In 1963, Bennett Cohen and Jerry Greenfield were both self-described “smart, nerdy, fat kids” at Merrick Avenue Junior High School on Long Island, New York, separately undergoing the humiliations that come with being overweight in junior
high P.E. class.
They track, way ended up on the same behind the others.
Recalled Greenfield to an interviewer:
“We were the two slowest, chubbiest guys in the class. Coach yelled, ‘Gentlemen, if you don’t run the mile in under seven minutes, you’re going to have to do it again.’ And Ben yelled back, `Gee, coach, if I don’t do it in under seven minutes the first time, I’m certainly not going to do it in under seven minutes the second time.’ To me this was brilliance. This was a guy I wanted to know.”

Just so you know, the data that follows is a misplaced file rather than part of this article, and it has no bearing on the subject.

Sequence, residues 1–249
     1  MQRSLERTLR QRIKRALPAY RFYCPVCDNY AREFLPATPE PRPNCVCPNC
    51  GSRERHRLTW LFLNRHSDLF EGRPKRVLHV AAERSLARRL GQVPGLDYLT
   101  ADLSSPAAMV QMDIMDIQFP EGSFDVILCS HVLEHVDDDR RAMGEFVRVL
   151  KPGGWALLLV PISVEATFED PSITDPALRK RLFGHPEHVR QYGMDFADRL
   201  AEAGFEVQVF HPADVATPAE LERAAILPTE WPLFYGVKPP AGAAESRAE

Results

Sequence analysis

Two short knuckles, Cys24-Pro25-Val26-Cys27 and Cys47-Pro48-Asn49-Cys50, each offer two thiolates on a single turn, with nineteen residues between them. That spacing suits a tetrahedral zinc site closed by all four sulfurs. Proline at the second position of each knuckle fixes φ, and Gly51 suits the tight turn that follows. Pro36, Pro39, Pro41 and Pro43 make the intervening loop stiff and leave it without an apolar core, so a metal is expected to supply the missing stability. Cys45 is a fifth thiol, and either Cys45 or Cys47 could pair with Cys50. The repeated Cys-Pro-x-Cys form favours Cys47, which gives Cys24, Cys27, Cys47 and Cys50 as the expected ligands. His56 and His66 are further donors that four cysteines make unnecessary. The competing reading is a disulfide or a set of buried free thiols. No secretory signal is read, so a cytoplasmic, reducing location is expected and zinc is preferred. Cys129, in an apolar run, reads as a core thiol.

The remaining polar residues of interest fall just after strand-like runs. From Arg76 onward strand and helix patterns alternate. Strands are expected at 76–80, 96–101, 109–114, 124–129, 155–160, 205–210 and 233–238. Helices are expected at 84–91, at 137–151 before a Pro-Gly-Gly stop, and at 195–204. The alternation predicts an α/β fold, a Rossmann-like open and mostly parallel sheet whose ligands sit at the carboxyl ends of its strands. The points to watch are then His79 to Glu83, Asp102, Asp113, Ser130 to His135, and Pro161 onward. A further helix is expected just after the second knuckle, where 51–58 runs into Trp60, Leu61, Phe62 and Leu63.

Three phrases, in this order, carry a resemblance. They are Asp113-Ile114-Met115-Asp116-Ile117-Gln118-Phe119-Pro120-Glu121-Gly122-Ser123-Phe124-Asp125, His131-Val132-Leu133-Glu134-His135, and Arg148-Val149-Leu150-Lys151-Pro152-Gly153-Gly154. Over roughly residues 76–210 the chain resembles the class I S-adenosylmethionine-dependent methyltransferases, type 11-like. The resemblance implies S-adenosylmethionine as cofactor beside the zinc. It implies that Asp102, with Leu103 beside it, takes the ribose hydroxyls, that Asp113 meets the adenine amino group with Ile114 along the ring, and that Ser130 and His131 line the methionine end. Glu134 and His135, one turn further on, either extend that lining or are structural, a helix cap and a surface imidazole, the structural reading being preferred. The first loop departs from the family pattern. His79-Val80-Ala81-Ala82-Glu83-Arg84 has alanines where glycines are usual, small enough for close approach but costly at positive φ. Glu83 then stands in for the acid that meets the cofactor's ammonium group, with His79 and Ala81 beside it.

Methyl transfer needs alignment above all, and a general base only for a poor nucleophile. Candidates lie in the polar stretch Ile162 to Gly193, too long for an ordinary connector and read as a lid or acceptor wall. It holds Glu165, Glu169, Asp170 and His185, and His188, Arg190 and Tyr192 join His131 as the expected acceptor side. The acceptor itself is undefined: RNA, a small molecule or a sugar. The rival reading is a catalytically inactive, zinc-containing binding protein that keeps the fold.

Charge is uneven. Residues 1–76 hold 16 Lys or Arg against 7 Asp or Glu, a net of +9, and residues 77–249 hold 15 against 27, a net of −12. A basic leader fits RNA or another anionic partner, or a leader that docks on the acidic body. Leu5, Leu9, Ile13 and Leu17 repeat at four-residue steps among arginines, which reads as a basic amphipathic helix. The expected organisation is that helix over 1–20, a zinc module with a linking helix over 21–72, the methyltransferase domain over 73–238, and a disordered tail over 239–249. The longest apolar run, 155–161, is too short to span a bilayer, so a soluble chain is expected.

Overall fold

It was the start of a firm friendship.
Years later, when they decided to go into business together, they decided it should be food related because they were unabashedly into eating.
They considered making bagels until they learned that startup costs would total more than $40,000.
Instead, they rented an abandoned gas station near the University of Vermont, signed up for a $5 correspondence course in ice cream making from Pennsylvania State, and began producing and selling ice cream.